A rule of business is, "it takes money to make money". Typically, producing goods for sale is the greatest cost of generating revenue. For example, a computer manufacturing company must buy wiring and other raw materials to make computers; pay wages to workers and managers; and spend money on overhead - power, facilities, and maintenance.
A company deducts these costs (cost of sales, cost of goods sold) from revenue, showing gross profit (or loss).
In addition to the expenses directly related to producing goods and services, companies incur operating expenses. These include advertising, salaries, rent, research and development, office supplies, and any other administrative amounts spent. A company deducts these operating expenses from gross profit, resulting in operating income (or loss).
Operating income represents a company's revenue minus all expenses required to obtain that revenue. From this key number, companies deduct costs relating to debt financing and tax expenses. The remainder is called net earnings .
Net earnings are the "bottom line" (often literally the last line on the statement). After a company deducts all costs and expenses from revenue , the statement of earnings shows the net earnings (or loss). When revenue exceeds costs and expenses, the bottom line shows a profit. When costs and expenses exceed revenue, the bottom line shows a loss.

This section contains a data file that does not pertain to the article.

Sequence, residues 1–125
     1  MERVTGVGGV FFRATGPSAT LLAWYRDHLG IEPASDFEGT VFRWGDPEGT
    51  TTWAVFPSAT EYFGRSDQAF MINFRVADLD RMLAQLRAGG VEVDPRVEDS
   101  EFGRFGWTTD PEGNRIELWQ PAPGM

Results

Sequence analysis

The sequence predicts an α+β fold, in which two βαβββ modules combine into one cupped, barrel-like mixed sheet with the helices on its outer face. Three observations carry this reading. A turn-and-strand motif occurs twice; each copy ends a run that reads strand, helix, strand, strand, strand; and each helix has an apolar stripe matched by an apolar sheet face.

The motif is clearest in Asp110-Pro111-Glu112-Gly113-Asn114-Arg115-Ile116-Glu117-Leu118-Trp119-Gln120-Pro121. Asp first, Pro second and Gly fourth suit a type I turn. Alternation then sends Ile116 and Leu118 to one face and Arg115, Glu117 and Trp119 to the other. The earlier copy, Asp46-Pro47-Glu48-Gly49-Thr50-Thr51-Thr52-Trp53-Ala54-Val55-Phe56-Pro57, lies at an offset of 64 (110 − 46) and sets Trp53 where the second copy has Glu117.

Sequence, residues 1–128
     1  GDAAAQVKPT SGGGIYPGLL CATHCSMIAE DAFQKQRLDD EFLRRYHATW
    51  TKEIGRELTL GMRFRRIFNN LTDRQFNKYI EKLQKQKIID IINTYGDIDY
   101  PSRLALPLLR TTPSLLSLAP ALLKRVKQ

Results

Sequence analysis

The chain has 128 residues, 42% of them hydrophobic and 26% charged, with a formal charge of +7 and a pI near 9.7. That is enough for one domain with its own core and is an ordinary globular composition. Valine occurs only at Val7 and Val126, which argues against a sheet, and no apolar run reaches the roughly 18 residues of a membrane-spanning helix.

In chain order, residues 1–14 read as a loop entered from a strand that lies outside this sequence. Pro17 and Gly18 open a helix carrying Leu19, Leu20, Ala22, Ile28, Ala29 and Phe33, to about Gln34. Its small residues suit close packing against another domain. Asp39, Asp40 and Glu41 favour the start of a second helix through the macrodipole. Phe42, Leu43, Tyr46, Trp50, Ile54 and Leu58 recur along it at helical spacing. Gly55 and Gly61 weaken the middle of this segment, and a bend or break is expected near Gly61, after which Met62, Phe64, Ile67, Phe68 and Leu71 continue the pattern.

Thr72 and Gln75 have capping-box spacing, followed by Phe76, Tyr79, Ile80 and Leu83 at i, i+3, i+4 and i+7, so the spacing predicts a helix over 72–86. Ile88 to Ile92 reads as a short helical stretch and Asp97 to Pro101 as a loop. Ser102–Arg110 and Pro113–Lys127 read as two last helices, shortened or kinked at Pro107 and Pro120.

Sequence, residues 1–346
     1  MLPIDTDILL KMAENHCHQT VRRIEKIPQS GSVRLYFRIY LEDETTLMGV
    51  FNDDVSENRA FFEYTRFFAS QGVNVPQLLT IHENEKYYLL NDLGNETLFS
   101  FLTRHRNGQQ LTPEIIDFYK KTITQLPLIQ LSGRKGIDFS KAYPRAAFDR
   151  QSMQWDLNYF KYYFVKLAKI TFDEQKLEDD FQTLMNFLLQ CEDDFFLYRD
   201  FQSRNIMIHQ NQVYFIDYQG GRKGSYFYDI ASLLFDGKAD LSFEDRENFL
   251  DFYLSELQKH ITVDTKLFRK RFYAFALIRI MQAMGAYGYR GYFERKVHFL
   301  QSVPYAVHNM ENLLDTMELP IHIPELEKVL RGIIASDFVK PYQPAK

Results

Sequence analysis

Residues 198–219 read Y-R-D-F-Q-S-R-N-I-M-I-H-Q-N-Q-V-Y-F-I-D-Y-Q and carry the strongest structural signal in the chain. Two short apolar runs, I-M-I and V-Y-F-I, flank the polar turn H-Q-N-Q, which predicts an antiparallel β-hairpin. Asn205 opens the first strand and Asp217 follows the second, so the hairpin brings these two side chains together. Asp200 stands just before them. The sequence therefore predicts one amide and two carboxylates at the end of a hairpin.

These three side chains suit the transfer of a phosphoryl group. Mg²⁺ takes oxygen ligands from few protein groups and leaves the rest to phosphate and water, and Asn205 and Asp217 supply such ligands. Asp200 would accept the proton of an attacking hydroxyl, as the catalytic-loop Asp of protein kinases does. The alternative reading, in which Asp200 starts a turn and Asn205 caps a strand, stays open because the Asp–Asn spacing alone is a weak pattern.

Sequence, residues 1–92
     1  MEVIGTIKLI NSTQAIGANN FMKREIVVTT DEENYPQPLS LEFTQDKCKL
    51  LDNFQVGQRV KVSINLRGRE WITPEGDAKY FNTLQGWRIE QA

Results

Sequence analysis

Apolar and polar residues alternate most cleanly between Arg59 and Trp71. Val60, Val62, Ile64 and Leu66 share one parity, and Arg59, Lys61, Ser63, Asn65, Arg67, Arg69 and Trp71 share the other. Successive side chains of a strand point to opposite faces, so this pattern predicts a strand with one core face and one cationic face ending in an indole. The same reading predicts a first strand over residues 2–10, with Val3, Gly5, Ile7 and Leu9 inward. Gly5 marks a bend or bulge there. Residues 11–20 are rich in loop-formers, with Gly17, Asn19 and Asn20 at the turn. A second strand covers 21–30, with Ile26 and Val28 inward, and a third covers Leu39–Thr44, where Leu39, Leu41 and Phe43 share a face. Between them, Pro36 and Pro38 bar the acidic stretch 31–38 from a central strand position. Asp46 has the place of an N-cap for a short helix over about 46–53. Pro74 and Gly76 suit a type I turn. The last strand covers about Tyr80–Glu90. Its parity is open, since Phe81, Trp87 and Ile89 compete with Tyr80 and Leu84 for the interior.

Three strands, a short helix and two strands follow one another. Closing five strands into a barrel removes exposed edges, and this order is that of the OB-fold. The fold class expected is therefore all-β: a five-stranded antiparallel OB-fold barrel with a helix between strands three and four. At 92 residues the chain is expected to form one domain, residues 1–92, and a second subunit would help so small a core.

Growth in net earnings usually signals that a company is doing well.
Earnings per share
Earnings per share (EPS) shows how much money stockholders would receive for each share of stock if the company distributed all net earnings to its stockholders. For example, if the net earnings are $1 million and 500,000 shares are outstanding, the earnings per share are $2 ($1 million ÷ 500,000 shares = $2).
Although all net earnings really belong to the stockholders, a company almost never distributes the full amount to them directly. A company needs money to grow, so it takes part of the net earnings and reinvests that money in itself. The total amount of a company's net earnings since its inception, minus any payments made to stockholders, is called retained earnings.